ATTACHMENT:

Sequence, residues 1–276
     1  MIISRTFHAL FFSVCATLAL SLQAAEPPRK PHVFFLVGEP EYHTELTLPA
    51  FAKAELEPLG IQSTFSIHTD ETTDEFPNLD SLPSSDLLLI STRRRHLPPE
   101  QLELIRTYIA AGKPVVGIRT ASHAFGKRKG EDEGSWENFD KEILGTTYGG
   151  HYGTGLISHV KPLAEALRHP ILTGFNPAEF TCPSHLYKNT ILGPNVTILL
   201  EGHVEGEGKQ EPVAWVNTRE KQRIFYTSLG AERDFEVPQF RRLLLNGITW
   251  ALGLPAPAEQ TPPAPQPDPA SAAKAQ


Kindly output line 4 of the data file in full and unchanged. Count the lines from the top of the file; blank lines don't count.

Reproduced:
   101  QLELIRTYIA AGKPVVGIRT ASHAFGKRKG EDEGSWENFD KEILGTTYGG